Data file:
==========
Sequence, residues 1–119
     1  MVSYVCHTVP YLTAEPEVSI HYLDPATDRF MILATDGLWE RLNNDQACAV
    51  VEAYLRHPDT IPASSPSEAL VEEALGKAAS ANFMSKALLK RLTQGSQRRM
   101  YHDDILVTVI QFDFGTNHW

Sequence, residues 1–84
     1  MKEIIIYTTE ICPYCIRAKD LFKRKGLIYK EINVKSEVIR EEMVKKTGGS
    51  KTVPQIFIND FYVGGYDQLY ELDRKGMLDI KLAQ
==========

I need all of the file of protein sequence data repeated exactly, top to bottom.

Sequence, residues 1–119
     1  MVSYVCHTVP YLTAEPEVSI HYLDPATDRF MILATDGLWE RLNNDQACAV
    51  VEAYLRHPDT IPASSPSEAL VEEALGKAAS ANFMSKALLK RLTQGSQRRM
   101  YHDDILVTVI QFDFGTNHW

Sequence, residues 1–84
     1  MKEIIIYTTE ICPYCIRAKD LFKRKGLIYK EINVKSEVIR EEMVKKTGGS
    51  KTVPQIFIND FYVGGYDQLY ELDRKGMLDI KLAQ